The laboratory's work is organised around the use of imaging in agriculture, which can be used either for checkups on the state of agricultural machinery (Theme 1) or for the characterisation of plants (Theme 2).
Mechanically simple, centrifugal spreading counts for around 85% of the market in fertiliser spreading techniques due to its sizeable economic advantages. This technique still reveals complex physical phenomena, due in part to the high number of parameters necessary for a classic centrifugal spreader.
Expertise in spreading operations necessitates:
S. Villette (2006) : Estimation de vitesse par analyse d'images acquises en filé : application à la caractérisation de la distribution centrifuge de granulés d'engrais. (Estimation of speed via analysis of high-speed imagery: as applied to the characterisation of centrifugal spreading of fertiliser granules)
A multispectral imager was created in the laboratory to map cultivated plots of land, to obtain maps of weed infestation.
This imager (a camera with 4 filters: B, G, R, IR), was attached to a small model aeroplane (Thesis J.B. Vioix – 2004). This prototype is undergoing optimisation so as to geolocate the images thus taken.
The prototype was modified to be a portable terrain imager. The tests were done on plots of land belonging to the INRA at Epoisses, in conjunction with the UMR BGA (INRA/AgroSup Dijon).
Thesis JB. Vioix (2004): Conception et réalisation d'un dispositif d'imagerie multispectrale embarqué : du capteur aux traitements pour la détection d'adventices. (Design and creation of an on-board multispectral imager: from the sensor to methods of weed detection)
Also dedicated to creating maps of weed infestation in a given plot of land, this work on the comprehension of the spectral and microscopic properties of weeds attempts to classify or identify the main groups of plants via their spectral signatures.
This work on plant spectroscopy is done in conjunction with Le2i (F. Marzani) and the UMR BGA (L. Assemat – INRA and J.-P. Guillemin – Enesad). It adds to the work on the identification of plants based on their spatial properties within a given cultivated plot of land.
Concerned with agricultural processes respectful of the environment, we became interested in the development of an imaging system for precision spreading. The idea was to reduce doses of herbicides sprayed on cultivated parcels of land (cereal crops).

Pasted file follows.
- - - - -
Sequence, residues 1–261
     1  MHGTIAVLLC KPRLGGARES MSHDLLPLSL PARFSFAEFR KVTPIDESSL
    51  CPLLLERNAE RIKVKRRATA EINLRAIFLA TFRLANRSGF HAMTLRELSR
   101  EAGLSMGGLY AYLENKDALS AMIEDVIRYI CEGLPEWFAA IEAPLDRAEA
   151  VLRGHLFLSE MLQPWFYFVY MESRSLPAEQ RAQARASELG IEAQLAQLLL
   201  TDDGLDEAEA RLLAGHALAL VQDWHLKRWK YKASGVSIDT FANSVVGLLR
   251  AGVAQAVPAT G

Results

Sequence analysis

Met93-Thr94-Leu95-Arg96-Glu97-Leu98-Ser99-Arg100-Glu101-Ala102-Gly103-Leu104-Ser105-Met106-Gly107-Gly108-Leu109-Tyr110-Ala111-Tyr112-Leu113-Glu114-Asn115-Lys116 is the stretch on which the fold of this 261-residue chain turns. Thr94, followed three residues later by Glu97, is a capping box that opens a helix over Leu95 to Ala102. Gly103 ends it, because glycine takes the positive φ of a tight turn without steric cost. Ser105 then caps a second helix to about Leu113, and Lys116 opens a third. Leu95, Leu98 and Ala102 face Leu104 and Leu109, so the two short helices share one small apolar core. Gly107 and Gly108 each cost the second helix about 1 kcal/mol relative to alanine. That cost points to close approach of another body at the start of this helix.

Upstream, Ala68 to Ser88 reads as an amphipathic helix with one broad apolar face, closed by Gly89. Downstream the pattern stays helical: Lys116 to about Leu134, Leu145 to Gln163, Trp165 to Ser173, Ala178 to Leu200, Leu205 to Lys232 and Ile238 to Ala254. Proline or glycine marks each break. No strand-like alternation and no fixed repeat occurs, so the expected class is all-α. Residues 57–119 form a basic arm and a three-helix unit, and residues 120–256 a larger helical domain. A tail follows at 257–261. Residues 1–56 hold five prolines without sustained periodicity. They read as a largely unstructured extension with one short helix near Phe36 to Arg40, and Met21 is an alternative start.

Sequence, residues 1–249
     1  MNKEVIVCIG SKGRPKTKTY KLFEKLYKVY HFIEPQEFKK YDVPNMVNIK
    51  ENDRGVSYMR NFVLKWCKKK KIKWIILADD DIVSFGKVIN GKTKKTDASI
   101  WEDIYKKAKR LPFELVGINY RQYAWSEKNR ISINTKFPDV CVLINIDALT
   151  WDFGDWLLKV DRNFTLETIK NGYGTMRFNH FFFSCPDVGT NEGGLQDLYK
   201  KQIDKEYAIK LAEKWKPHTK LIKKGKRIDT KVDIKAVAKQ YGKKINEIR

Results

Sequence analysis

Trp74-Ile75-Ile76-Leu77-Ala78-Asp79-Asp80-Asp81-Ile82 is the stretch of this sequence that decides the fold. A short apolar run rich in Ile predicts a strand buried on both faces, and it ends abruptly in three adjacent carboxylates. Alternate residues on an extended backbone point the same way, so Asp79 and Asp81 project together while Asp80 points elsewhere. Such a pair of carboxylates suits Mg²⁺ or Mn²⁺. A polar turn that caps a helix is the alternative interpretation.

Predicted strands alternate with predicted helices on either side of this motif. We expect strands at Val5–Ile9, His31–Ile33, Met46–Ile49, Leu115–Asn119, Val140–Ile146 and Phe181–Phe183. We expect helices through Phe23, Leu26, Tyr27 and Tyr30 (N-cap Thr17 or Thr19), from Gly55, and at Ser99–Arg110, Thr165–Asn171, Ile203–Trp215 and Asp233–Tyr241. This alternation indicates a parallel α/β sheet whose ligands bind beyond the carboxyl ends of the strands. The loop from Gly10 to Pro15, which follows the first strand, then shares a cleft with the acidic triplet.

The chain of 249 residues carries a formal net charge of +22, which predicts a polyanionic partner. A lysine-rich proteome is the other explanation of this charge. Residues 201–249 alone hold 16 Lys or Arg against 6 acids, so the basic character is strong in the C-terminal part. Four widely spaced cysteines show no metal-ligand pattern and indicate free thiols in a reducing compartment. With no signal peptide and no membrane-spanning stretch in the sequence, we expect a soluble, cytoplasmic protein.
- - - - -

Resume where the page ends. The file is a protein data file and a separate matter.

A monochromatic camera is loaded onto the front of a tractor. The image is analysed in real-time by a computer to identify the vegetation from the rest of the surroundings and then to separate out weeds from crops. This process is carried out by using a Gabor filter which determines the volume of the crop. Once the infestation map has been drawn up each solenoid valve can be activated at the right moment, during the right period.
Thesis by J. Bossu (French document in PDF format - 7,4 Mb): "Application à la réalisation d'un système de vision pour une pulvérisation spécifique en temps réel" (Application of an imaging system for precision spraying in real time) - University of Burgundy - defended on 4 December 2007.
The reliability of the algorithms (Gabor Filter, Hough transform, Wavelet transform) developed in the laboratory to identify the weed crops in the images taken was never proved.
One solution is to develop a spatial and spectral model of an agronomic area with which to test these algorithms.
The advantage of this method is to be able to perfectly control the initial parameters of the area (type of crop, frequency of inter and intra rows, infestation count) but also to envisage all the images shot on this model parcel of land by using a virtual camera whose parameters can also be controlled (rotation, focal, size of CDD...).